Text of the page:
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In a post on my It's Alive in the Lab Autodesk blog, I conducted an experiment to see if decanting wine really affected the taste.

Read the blog post.

That test revealed that it does. As a result, I use my decanter often.

Wine glasses can be cleaned with soap because their wide open mouths allow them to be thoroughly rinsed, and their overall shape allows them to be hung upside down to fully drain and dry. The typical shape of a decanter precludes this. Decanters are never cleaned with soap because no one wants the taste of their wine impacted by cleaning products that could remain in the decanter. As such, the normal cleaning procedure is to just rinse out the decanter with tap water and make sure it 100% dry before its next use. The rinsing process works well but is not 100% effective. Sometimes a little bit of slightly wine-infused water remains. When the water evaporates, the result is what looks like a wine stain in the bottom of the decanter.

What to do? What to do? There's actually a solution to this problem: cleaning beads shaped like flying saucers. From the customer reviews, it appears that the saucer shape works better than purely spherical ones. The beads are available in many places, e.g., Amazon.com, for about $10.

The beads did not come with instructions, so here's a 10-step process for cleaning a decanter with these saucer-shaped metal beads.

Step 1: Run Hot Water.

Turn on the faucet and let the water get fairly hot. I didn't use boiling water because I thought it might crack the decanter.

Step 2: Fill the Decanter.

Fill the decanter with very hot water. "Fill" is a relative term. You only need enough water to fill the bottom portion of the decanter.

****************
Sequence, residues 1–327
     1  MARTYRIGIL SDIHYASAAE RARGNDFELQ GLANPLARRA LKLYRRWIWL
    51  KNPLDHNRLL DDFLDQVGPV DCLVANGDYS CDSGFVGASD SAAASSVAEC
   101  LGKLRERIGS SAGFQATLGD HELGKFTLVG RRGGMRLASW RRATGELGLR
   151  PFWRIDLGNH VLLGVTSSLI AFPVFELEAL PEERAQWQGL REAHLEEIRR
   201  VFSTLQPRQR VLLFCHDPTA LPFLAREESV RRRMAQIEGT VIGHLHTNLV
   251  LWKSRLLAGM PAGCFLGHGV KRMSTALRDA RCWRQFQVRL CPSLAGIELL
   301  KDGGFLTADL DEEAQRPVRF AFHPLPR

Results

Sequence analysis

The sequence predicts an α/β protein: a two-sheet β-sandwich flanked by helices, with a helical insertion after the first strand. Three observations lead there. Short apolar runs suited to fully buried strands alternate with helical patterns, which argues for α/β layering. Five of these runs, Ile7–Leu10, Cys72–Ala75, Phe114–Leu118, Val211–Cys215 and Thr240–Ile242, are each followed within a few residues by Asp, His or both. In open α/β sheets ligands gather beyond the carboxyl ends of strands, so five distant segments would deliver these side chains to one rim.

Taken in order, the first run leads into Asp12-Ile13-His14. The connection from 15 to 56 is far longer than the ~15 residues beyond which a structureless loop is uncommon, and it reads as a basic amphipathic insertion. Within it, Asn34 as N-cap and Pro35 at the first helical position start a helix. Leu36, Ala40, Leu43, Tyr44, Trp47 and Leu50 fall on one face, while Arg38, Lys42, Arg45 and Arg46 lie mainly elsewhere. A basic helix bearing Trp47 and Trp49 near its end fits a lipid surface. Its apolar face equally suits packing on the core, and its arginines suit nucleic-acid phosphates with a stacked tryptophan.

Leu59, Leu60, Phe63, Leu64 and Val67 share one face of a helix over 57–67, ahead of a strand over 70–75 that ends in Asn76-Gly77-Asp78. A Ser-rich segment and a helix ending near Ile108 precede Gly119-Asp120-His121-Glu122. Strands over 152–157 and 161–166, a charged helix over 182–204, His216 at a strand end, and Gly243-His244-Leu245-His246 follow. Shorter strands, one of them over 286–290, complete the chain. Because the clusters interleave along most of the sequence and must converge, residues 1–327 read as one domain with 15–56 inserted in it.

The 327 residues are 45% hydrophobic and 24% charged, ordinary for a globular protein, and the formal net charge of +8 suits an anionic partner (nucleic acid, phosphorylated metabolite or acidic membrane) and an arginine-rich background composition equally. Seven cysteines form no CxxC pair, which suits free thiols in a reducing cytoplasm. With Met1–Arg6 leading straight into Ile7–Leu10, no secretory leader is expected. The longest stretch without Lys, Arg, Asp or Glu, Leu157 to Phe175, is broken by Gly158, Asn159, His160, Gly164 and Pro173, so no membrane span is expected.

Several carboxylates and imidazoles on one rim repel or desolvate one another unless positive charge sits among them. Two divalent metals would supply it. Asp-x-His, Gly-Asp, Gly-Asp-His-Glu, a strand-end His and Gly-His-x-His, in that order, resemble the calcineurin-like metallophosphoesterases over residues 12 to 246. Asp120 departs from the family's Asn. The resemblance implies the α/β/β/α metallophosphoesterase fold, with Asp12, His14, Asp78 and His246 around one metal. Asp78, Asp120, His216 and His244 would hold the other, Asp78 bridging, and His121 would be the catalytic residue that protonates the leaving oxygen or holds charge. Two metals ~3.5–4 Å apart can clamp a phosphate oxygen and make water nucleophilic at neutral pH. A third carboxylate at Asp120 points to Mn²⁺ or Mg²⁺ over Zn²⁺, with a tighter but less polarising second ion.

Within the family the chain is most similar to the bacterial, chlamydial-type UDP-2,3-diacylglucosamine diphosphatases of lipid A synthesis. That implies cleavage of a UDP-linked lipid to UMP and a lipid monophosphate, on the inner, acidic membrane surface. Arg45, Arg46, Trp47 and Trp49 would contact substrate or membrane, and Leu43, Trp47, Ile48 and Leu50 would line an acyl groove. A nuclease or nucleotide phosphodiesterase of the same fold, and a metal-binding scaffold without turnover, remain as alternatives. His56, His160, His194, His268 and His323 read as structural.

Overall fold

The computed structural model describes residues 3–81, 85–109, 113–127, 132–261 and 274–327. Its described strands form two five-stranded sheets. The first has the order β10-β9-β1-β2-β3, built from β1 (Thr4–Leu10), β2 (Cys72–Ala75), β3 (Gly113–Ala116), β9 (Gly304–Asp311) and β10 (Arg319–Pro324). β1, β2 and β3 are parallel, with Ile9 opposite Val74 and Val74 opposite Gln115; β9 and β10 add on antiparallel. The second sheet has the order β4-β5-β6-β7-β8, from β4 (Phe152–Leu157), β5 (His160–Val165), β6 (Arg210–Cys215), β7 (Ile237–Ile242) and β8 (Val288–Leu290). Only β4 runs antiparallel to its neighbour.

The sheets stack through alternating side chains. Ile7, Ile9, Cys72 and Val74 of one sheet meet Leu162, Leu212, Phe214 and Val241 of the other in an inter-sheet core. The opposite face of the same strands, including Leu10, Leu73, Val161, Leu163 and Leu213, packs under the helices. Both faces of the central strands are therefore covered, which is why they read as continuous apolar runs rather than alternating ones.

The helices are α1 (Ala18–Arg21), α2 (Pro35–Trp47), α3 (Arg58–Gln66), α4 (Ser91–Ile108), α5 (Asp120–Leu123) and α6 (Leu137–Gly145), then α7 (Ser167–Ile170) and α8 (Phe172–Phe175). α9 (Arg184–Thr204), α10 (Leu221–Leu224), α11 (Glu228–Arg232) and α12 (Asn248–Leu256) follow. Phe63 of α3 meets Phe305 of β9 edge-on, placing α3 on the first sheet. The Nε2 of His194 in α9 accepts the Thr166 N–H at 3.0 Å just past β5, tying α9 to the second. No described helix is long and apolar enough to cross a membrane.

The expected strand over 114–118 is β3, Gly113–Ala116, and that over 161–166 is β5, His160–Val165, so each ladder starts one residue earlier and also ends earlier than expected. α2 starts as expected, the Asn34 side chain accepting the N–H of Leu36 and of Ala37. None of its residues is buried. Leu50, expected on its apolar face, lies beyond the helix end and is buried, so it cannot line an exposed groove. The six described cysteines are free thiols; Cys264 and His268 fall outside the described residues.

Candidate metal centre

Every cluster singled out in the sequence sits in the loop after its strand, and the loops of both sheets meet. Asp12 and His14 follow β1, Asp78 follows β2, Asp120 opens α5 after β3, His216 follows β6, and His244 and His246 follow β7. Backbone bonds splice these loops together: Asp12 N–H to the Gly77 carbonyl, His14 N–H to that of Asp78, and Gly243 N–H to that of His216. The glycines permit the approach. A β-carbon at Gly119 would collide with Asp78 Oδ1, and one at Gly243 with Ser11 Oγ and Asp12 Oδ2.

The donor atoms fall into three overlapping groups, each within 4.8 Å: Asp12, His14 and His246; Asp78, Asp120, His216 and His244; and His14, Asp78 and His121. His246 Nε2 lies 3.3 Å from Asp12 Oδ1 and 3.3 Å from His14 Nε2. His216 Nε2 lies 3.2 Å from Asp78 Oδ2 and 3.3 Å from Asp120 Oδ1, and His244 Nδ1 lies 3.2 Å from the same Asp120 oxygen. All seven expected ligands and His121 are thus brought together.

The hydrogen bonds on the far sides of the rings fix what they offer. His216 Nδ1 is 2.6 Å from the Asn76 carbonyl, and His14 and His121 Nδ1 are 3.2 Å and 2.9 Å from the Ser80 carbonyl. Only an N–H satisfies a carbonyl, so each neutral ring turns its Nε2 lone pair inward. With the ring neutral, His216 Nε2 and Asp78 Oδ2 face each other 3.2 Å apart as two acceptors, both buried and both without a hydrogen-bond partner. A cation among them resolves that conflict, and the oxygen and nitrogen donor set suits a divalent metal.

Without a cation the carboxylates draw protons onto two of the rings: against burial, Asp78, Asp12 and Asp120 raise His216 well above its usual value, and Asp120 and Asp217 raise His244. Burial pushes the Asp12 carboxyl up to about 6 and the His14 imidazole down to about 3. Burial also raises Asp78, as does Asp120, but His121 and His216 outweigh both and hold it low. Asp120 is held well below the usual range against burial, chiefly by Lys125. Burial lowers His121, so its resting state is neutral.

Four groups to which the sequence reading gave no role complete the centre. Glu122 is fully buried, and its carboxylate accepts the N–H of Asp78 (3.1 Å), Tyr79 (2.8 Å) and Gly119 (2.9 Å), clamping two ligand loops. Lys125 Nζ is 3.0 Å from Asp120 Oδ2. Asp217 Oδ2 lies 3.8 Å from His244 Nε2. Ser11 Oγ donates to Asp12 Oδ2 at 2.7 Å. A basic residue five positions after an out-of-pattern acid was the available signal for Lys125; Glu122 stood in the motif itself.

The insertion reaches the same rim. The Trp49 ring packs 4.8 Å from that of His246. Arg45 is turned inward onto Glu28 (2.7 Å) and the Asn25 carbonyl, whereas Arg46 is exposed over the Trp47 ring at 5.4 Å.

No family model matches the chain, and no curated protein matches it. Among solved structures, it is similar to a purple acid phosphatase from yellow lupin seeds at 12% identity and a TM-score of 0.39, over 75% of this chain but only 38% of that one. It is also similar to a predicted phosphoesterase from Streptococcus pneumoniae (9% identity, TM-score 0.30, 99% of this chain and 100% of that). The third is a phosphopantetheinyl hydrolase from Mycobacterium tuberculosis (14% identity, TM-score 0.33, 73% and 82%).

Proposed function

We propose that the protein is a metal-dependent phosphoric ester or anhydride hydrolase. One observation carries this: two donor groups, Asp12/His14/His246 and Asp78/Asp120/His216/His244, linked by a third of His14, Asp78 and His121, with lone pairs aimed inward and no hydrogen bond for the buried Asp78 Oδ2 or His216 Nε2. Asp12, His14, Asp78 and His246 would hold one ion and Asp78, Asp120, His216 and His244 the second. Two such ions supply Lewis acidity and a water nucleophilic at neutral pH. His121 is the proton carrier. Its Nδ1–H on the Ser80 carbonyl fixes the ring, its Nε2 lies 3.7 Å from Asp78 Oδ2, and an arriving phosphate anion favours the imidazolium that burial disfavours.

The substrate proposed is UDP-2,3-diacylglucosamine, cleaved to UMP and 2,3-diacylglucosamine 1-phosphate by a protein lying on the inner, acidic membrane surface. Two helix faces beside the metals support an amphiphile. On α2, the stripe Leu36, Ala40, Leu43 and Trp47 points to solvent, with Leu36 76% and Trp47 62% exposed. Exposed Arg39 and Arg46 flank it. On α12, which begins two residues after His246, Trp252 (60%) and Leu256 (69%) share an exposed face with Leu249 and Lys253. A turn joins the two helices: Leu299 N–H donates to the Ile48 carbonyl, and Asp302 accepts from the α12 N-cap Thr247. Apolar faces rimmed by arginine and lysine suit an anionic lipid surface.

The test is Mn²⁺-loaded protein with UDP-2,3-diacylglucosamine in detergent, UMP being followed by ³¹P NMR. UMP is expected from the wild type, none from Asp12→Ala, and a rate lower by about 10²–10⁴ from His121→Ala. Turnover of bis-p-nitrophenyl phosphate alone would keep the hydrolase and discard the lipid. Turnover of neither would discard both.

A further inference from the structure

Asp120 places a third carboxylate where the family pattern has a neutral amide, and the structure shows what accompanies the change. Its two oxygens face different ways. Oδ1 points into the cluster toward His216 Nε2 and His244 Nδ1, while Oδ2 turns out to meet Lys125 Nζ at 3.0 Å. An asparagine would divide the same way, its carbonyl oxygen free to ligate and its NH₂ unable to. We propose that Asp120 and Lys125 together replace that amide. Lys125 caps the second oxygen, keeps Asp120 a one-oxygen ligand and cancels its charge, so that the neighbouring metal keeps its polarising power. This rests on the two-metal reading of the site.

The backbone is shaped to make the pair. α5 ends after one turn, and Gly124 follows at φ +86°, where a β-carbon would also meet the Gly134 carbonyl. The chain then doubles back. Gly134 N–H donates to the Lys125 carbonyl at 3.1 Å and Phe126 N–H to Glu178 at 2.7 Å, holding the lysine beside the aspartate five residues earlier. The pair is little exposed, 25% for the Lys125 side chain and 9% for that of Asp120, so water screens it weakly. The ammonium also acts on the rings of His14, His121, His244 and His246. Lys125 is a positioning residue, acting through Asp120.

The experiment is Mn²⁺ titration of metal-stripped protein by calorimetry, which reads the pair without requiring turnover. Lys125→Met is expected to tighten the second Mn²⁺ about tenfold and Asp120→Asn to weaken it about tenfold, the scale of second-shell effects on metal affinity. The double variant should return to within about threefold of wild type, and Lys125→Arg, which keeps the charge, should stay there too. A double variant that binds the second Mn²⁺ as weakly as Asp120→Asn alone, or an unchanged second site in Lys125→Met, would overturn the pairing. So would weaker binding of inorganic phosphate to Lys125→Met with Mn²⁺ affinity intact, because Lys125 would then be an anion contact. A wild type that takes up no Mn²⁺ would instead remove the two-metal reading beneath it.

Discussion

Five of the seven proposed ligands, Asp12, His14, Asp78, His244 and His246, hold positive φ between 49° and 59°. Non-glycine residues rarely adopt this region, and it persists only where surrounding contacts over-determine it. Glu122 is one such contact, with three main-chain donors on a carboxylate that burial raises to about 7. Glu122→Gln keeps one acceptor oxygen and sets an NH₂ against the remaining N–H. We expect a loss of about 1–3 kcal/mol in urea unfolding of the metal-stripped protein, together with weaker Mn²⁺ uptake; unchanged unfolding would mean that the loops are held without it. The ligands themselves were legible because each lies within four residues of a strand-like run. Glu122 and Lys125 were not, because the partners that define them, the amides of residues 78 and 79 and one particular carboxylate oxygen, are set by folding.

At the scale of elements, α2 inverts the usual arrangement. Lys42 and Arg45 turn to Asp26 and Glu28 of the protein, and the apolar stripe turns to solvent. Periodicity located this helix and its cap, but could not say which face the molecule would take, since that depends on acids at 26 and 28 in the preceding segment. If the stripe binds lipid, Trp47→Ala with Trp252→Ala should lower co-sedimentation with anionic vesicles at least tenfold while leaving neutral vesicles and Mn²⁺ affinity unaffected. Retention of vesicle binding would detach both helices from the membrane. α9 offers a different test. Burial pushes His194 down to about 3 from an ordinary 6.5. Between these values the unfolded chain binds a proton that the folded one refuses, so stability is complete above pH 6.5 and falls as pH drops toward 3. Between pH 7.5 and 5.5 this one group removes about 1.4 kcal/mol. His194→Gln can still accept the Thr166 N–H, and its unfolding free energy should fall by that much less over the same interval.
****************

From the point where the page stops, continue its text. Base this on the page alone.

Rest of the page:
Step 3: Add the Beads.

Add the cleaning beads. In my case, the opening of the decanter was wider than the little container that the beads came in. Had this not been the case, I would have used a funnel.

Step 4: Gently Rock and Roll.

Use two hands to gently rock the decanter from side to side for about 3 minutes. Don't shake it vigorously as the hot water will splash out of the decanter. Position the decanter at various angles to ensure that the beads roll back and forth, touching both sides and the bottom of the decanter. As the beads work their magic, the water begins to look like an aquarium with fish food as flakes of dried wine separate from the glass and float in the water.

Step 5: Empty Water and Beads.

Empty the contents of the decanter into a strainer to catch the beads.

Step 6: Rinse the Decanter.

Rinse the decanter once more with normal-temperature tap water to ensure that no dislodged stain-particles remain.

Step 7: Clean the Beads.

To clean the beads for the next use, run tap water over the beads in the strainer and move them around with your finger. I did this because I didn't want to re-introduce any wine particles into the decanter on the next cleaning.

Step 8: Dry the Beads.

I assume that the beads are rust proof; however, I didn't want to take that chance. So before i put them back in their original container, I spread them out on a towel and patted them with another towel. That probably did the trick, but I wasn't sure, so I dried the strainer with a towel, put the beads back in the strainer, and used a hair dryer to make sure the beads were 100% dry. I then carefully poured them back into the container (with a bowl underneath) in case any missed.

Step 9: See the Result.

The end-result is a decanter that is squeaky clean. You can see that the result is not perfect, but 99% of the stains are gone. Perhaps the end-result will improve with future or repeated cleanings?

Step 10: Allow Decanter to Dry.

Allow the decanter to dry before the next use.

<p>This is a clever solution. But when you say you cannot use soap, I'll answer your glasses are cleaned with soap anyway ! In fact, if decanters have complex shapes, it's only for aesthetic reasons, a simple carafe makes a perfect decanter. The wine must be in contact with ambiant air and, the essential, it must rest quietly. </p>
Here's why I can't set my decanter down in an upside down position:
<p>Agreed, but wine glasses have a wide opening and a shape that allows them to be upside down while they dry. My decanter looks like something that should be part of a Prince guitar. It's shaped like the letter G. I can't hang it upside down.</p>

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Bio: Program Manager for Autodesk Labs
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